Hollis discusses land purchase plan
HOLLIS – The Land Protection Study Committee lobbied again on Monday night for its number one targeted land purchase, the 180-acre parcel known as Woodmont Orchard West.
In a couple of weeks, with the Board of Selectmen’s blessing, the committee will ask voters to consider buying Woodmont from owners Robert and Stephen Lievens for $3.2 million, using $5 million set aside for land purchases at the last Town Meeting.
About 50 people gathered at Town Hall for an informational meeting about why they should consider buying the property this time around when a similar proposal to buy the orchard in 2002 failed by 50 votes.
The Land Protection Study Committee might not even exist if it weren’t for Woodmont Orchard, according to committee Chairman Gerry Gartner.
“For years, people would say, ‘How are we going to save Woodmont?’ ”
Gartner said this year’s proposal differs the committee’s 2002 proposal in many ways. In 2002, the purchase would not have included land set aside for a potential seven-lot subdivision, plans that had been submitted by Z&L Developers of Merrimack. Those homes were never built, and this year’s proposal is to purchase the entire parcel.
Gartner said in 2002, there was much confusion over the potential environmental issues that might arise from pesticides used on the land. The land has been actively farmed for 100 years, according to Gartner, and there are elevated levels of some agricultural chemicals in areas of the orchard.
The committee brought in experts Wednesday night from Aries Engineering in Concord as well as the state Department of Environmental Services to speak about chemical test results from the property, and to answer questions.
Previous tests on the land by Stone Hill Environmental in Portsmouth indicated that there are traces of lead, arsenic, DDT and DDE at Woodmont – all of which were commonly used pesticides at one time.
According to Rob Palermo, a risk assessor with Ariesneering, the risk of developing an illness from the leftover chemicals was just slightly higher than acceptable (1.74 adults out of 100,000 versus the acceptable state level of 1 in 100,000) if the land were to be developed for residential housing. Palermo said the location could easily be made safe by means of a soil management plan, if the land were to be developed.
However, because the town would be purchasing the land to prevent it from being developed, Palermo said the risks are essentially void. Palermo said that none of the pesticides has shown up in any surrounding wells.
Mike Sills, chief engineer with the DES, said, “This is not a remedial site. This is not a cleanup site as far as the state is concerned.”
If the town purchases Woodmont, Gartner said the committee has a plan to keep the farm running as an agricultural operation. He said the Lievens brothers have tentatively agreed to farm the land for the next 10 years, with an option to continue for another 10 years. The town would form a soil-management plan to ensure that the topsoil is properly handled to avoid any environmental risk.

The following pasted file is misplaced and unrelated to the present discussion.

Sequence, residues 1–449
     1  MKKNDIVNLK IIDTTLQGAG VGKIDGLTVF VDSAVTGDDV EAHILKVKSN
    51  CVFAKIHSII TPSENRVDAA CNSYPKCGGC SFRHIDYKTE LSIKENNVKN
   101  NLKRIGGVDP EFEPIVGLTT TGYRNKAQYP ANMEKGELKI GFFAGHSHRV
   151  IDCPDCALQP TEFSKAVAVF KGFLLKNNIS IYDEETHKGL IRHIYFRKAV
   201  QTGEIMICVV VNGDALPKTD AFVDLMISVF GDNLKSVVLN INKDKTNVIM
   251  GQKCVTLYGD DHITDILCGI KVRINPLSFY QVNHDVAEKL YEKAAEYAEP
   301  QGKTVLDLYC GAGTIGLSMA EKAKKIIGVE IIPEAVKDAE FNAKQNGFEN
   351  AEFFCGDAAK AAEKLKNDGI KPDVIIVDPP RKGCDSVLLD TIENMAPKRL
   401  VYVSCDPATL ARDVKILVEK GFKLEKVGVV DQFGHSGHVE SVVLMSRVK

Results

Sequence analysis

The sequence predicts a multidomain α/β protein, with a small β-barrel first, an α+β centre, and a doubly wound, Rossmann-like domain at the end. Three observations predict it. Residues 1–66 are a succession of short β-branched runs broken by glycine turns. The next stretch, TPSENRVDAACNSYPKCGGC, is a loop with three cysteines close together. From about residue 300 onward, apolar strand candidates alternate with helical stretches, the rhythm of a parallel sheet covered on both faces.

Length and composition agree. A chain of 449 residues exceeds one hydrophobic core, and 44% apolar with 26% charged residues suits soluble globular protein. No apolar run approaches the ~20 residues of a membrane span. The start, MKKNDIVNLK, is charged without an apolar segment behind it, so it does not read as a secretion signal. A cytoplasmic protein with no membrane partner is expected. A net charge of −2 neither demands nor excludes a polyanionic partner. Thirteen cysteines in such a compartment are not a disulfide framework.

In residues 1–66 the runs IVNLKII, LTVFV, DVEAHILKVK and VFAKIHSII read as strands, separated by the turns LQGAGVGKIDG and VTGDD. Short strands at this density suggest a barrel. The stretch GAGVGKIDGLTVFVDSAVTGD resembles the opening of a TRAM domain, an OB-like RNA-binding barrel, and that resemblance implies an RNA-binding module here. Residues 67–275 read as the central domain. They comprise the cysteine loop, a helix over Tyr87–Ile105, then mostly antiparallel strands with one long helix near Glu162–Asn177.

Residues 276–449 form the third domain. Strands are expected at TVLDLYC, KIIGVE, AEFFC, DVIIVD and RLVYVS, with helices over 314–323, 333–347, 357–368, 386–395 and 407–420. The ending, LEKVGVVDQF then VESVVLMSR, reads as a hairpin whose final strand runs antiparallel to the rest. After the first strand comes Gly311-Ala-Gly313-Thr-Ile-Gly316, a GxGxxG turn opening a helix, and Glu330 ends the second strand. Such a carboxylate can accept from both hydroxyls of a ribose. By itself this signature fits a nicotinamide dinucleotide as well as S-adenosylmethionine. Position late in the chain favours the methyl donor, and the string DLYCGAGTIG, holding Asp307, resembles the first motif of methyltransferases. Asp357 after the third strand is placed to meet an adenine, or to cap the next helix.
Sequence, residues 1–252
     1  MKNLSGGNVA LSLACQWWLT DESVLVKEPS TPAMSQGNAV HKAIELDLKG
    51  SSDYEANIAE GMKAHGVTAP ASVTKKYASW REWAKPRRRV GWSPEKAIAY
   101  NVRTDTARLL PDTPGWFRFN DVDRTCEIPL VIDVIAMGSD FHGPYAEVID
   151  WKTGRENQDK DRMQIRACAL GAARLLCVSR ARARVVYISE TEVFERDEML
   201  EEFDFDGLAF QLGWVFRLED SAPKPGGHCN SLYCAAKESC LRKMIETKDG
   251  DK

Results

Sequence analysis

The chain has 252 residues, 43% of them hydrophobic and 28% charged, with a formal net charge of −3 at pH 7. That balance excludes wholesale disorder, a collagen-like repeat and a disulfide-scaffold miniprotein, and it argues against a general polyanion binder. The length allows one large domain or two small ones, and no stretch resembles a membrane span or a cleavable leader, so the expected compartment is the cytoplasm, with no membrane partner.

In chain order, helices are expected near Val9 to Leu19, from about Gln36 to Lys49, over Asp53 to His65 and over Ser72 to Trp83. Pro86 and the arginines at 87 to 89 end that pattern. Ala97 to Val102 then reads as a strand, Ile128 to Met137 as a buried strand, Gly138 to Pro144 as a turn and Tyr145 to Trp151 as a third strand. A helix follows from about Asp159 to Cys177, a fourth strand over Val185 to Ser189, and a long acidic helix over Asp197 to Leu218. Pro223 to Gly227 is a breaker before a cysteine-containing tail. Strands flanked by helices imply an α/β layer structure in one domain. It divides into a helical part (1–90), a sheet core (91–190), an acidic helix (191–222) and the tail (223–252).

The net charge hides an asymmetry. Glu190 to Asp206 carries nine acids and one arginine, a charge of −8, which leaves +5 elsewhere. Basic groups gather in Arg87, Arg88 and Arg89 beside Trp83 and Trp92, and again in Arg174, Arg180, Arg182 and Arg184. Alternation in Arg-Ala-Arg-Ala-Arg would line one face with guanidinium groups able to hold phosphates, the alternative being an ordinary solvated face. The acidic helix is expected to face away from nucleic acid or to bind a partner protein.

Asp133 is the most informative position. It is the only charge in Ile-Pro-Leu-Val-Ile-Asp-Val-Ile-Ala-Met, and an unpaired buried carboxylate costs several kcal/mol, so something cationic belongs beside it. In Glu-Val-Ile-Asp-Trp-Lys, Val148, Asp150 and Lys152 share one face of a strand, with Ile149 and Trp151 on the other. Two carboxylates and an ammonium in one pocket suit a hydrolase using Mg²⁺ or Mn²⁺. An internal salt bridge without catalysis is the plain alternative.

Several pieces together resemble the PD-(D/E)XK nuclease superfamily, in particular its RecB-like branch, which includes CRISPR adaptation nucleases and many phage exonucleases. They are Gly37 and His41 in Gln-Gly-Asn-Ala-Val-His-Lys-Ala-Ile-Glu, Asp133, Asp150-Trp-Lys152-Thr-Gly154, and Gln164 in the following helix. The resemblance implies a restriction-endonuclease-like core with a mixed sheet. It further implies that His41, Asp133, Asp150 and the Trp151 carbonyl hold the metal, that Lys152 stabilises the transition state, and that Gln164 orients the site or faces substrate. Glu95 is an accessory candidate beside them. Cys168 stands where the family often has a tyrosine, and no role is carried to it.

Officials say besides protecting the open vistas on the northern entrance to town, town ownership of Woodmont has other benefits, including protecting nearby aquifers and avoiding the traffic impact that would result from development.
If the town does not purchase the orchard, Gartner said the Lievens brothers have a competing offer of $18,500 an acre, and it would almost certainly be developed for housing.
The land protection committee also provided information about another potential land purchase, the 80-acre tract referred to as the Siergiewicz forest land. The Siergiewicz property is at the junction of Truell and Mooar Hill roads, near 300 acres that is being protected north of South Merrimack Road.
Committee members said the purchase would extend the town forest, provide a zone of protection from development along Route 101A as well as provide a wildlife habitat. The land abuts future potential land acquisitions, according to the committee.
If the town were to purchase Woodmont using a 20-year bond with a 4.5 percent interest rate, the tax impact would be $31 per $100,000 valuation in the first year, decreasing annually to $17 in 2026, Gartner said.
If the town were to purchase the Siergiewicz property using a 20-year bond with a 4.5 percent interest rate, the tax impact would be $8 per $100,000 valuation in the first year, decreasing annually to $4 in 2026.
Residents had varied reactions to the committee’s presentation. Jim Belanger, a longtime resident and moderator for the town’s two school districts, urged his neighbors to consider the financial impact of the purchases.
“Preserving the rural character is certainly a noble cause . . . but the rural character I knew is gone,” Belanger said. “How many of us have deep pockets? It’s not a question of digging deeper. It’s a question of not having it at all. How many times have we stood at Town Meeting and said our children can’t afford to live here?”
Madeline Williams, who has lived in town for seven years, said Wednesday night that she would be willing to “dig deeper,” even though she’s living on a fixed income. She said she used to live in the suburbs of New York City, and said she looked at Hollis as an escape from the urban sprawl of her former home.
“I’m living on a fixed income and I still support it,” Williams said. “When (Belanger) talks about (tax increases) next year, I think ‘Oh my God,’ but on the other hand, you gotta do it. Once it’s gone, it’s gone. You can’t recover it.”